Video captures microburst wind event over Austin on Monday

Microburst over Austin (Credit/Victor Hugo Ituarte)
Microburst over Austin (Credit/Victor Hugo Ituarte)

AUSTIN (KXAN) — Tree limb damage and a destroyed billboard on North Lamar Boulevard Monday were the result of a weather phenomenon known as a “microburst,” and it was captured on video.

Downburst, or on a smaller scale, microburst winds are not rare in Texas thunderstorms, but capturing them in a video time lapse is. That is exactly what Victor Ituarte did while heavy thunderstorms moved over the middle of Austin late Monday afternoon.

His video captured the dramatic moment the collapsing pocket of cold air and rain rushed to the ground, fanning out at speeds of 40-50 mph.

Here is more information on microbursts from the National Weather Service:

What is a Microburst?

A microburst is a localized column of sinking air (downdraft) within a thunderstorm and is usually less than or equal to 2.5 miles in diameter. Microbursts can cause extensive damage at the surface, and in some instances, can be life-threatening. There are two primary types of microbursts: 1) wet microbursts and 2) dry microbursts. Wet microbursts are accompanied by significant precipitation and are common in the Southeast during the summer months.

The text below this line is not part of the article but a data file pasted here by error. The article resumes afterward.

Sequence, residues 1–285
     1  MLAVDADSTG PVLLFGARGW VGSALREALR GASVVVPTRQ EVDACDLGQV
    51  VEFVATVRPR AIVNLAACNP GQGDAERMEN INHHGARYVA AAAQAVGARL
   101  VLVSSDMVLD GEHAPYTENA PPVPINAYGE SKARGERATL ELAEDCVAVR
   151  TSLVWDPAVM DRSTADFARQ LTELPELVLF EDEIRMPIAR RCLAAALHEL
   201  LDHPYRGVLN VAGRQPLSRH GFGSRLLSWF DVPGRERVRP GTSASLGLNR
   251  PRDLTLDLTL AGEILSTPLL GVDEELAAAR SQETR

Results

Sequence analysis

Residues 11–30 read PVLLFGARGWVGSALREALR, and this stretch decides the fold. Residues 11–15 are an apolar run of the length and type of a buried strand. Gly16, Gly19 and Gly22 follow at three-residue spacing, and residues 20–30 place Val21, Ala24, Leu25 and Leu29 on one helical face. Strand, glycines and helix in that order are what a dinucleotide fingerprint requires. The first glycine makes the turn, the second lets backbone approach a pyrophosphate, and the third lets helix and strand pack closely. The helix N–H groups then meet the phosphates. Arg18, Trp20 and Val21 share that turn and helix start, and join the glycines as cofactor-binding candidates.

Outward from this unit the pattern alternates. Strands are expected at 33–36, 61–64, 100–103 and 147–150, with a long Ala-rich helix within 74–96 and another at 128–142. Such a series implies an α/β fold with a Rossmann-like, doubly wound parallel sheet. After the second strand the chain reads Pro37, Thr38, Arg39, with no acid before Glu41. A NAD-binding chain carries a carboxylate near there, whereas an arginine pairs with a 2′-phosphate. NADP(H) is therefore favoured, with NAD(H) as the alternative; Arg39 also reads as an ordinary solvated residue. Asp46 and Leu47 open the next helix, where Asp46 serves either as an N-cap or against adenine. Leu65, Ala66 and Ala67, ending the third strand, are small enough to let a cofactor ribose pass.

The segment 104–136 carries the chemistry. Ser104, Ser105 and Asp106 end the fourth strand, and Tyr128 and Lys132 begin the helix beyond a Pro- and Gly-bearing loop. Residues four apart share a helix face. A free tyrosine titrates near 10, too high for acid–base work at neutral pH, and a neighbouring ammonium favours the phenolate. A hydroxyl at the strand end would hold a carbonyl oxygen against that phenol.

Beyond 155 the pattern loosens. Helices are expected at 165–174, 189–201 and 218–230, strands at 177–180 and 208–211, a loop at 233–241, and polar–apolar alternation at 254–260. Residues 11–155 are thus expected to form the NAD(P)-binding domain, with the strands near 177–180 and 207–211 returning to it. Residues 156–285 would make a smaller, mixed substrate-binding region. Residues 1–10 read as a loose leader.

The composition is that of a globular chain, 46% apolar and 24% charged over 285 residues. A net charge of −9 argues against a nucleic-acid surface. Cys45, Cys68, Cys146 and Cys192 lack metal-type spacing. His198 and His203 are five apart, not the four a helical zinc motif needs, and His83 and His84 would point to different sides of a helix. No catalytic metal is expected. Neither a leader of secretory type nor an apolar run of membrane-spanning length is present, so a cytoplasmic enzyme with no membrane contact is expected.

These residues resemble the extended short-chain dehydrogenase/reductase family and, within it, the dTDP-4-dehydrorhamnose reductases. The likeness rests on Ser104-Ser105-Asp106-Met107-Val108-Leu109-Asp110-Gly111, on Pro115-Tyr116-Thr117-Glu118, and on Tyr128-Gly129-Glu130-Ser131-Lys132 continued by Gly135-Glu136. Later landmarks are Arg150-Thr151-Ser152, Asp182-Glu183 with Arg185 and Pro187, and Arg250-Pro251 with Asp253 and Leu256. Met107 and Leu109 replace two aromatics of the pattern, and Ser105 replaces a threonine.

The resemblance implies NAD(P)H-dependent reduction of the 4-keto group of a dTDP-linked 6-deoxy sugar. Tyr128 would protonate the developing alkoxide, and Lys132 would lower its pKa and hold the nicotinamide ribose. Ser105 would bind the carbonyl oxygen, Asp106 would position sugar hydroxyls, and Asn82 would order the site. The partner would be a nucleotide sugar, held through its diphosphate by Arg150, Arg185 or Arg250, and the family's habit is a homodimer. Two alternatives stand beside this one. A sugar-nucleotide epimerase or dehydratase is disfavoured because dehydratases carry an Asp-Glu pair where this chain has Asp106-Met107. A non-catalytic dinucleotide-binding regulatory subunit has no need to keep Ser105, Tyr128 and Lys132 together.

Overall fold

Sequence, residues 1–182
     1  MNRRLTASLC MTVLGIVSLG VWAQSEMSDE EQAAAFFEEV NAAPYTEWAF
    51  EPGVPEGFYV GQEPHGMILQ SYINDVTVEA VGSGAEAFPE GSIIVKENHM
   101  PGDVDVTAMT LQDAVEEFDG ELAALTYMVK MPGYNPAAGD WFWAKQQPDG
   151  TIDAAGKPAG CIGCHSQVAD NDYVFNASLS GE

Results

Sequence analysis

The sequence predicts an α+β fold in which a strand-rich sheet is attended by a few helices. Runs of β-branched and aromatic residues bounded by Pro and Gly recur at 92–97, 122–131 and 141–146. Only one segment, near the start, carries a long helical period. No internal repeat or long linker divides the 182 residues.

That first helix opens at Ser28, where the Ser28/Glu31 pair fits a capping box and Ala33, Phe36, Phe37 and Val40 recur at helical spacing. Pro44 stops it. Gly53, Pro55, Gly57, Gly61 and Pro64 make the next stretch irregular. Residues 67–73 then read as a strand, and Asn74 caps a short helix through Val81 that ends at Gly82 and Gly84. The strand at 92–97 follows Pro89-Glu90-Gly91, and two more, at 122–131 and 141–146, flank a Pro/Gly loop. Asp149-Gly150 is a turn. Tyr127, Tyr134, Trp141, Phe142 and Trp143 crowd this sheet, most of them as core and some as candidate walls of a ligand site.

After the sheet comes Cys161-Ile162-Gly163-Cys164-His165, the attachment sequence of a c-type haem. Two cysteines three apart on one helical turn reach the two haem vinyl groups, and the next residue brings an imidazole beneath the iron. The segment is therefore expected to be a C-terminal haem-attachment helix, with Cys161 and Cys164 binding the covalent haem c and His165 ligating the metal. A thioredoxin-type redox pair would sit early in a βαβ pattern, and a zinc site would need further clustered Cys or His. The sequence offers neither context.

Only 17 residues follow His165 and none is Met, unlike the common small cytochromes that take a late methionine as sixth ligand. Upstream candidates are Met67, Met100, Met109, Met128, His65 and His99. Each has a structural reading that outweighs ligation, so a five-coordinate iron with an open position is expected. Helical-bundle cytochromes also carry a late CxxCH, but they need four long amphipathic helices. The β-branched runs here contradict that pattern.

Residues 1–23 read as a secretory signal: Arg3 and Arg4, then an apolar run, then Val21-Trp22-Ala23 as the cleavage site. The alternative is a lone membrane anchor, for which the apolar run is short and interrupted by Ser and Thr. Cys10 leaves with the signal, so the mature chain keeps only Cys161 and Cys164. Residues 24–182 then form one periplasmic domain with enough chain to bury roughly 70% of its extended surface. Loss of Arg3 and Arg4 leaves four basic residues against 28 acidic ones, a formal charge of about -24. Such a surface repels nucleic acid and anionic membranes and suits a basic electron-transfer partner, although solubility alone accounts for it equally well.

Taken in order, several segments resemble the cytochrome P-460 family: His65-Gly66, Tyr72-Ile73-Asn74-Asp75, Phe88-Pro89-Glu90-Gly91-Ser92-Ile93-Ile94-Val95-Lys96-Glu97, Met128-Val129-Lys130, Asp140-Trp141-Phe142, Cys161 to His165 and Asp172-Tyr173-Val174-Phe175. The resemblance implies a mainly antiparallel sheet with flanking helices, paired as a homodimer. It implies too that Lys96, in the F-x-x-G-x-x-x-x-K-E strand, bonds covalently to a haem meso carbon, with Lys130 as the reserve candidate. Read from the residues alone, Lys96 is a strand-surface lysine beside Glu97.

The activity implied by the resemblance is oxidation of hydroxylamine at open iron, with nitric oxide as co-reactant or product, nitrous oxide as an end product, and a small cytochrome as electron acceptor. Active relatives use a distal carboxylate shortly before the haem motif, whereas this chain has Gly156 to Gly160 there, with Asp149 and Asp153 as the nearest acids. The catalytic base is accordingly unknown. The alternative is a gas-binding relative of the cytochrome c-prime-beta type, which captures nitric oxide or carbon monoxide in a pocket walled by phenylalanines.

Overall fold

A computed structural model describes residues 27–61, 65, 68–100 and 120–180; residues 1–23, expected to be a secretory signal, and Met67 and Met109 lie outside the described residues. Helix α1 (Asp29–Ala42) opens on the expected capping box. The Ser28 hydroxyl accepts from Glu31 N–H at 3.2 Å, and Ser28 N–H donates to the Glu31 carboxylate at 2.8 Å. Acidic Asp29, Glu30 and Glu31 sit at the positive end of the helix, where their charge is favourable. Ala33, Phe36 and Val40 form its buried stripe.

What causes a Microburst?

It all starts with the development of a thunderstorm and the water droplets/hailstones being suspended within the updraft.  Sometimes an updraft is so strong it suspends large amounts of these droplets and hailstones in the upper portions of the thunderstorm. There are many factors that can lead to evaporational cooling (sinking air) and therefore weakening of the updraft. Once this occurs, it is no longer capable of holding the large core of rain/hail up in the thunderstorm. As a result, the core plummets to the ground. As it hits the ground it spreads out in all directions. The location in which the microburst first hits the ground experiences the highest winds and greatest damage.

Microburst Damage

Wind speeds in microbursts can reach up to 100 mph, or even higher, which is equivalent to an EF-1 tornado! Winds this high can cause major damage to homes and other structures and level hundreds of trees. It is very important that you take Severe Thunderstorm Warnings just as seriously as Tornado Warnings!

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